• AI use case ideation: Nimble internal processes to accelerate ideation, evaluate ideas for business value and assess ability to execute.
  • Funding mechanism: Fund internal venture capital to finance experimentation and exploration.
  • Data foundation: Trusted, quality, high veracity data is critical. This includes data, technology and talent for building, registering, testing, training and deploying AI models.
  • Stage gates and exit criteria: Clearly define success criteria and stage gates to evaluate the models.
  • Scalability pivot: Define internal processes to pivot successful AI pilots, planning for scalability and subsequent lifecycle management.

 

Companies must ensure AI operates within legal, regulatory, compliance, privacy, integrity and ethical boundaries. This requires investing to:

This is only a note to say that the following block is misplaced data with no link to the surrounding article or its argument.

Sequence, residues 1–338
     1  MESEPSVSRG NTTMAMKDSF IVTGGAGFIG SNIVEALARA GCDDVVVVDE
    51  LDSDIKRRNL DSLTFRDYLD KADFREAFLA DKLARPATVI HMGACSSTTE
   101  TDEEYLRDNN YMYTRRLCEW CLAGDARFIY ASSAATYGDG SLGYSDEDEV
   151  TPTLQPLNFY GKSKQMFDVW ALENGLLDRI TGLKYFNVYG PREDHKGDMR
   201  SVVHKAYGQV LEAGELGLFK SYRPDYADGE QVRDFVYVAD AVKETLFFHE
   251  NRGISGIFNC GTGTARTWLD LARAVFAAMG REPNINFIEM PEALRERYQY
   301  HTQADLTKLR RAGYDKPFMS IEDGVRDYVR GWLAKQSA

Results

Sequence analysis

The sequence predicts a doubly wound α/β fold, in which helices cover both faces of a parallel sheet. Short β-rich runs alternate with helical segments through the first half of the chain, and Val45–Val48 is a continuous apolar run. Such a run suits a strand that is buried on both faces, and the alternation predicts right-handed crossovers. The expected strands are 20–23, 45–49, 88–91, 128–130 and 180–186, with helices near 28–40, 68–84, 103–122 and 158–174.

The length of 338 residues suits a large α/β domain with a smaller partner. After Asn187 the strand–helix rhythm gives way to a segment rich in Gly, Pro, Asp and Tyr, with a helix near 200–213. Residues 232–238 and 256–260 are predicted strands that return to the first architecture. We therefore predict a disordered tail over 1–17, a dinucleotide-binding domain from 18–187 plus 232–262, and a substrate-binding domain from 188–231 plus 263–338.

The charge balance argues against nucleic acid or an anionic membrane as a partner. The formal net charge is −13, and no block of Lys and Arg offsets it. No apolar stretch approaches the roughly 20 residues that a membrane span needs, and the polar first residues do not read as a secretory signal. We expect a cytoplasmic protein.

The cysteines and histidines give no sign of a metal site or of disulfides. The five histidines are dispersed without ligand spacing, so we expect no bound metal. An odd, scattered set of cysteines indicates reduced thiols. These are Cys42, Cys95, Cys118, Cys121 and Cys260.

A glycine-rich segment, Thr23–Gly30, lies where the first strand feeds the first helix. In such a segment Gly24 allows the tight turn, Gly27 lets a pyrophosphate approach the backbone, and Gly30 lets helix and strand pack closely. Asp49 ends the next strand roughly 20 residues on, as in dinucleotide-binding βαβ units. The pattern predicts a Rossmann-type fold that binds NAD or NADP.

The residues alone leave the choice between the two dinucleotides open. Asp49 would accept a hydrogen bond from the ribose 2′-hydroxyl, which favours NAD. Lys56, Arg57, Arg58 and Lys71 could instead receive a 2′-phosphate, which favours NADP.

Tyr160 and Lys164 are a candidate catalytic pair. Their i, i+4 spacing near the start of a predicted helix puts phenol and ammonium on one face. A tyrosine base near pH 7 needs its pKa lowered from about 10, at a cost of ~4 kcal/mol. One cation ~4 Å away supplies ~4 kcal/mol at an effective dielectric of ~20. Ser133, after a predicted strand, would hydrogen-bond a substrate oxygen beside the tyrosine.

• Establish a clear understanding of legal and regulatory requirements and guidelines, some of which are still evolving. For example, both the U.S. Food and Drug Administration (FDA) and the European Commission are considering frameworks specifically tailored to promote the development of safe and effective medical devices that use advanced AI algorithms.
  • Establish a mechanism to ensure anonymized and identifiable data follows robust consent and privacy expectations. In the European Union, GDPR provides specific requirements on the use of data for “automated individual decision making and profiling.”
  • Establish a data ethics framework to ensure that beyond privacy, data and algorithms consider fairness so algorithmic decisions do not create discriminatory or unjust impacts.

 

Companies should also focus on AI standards and processes for AI sustainability: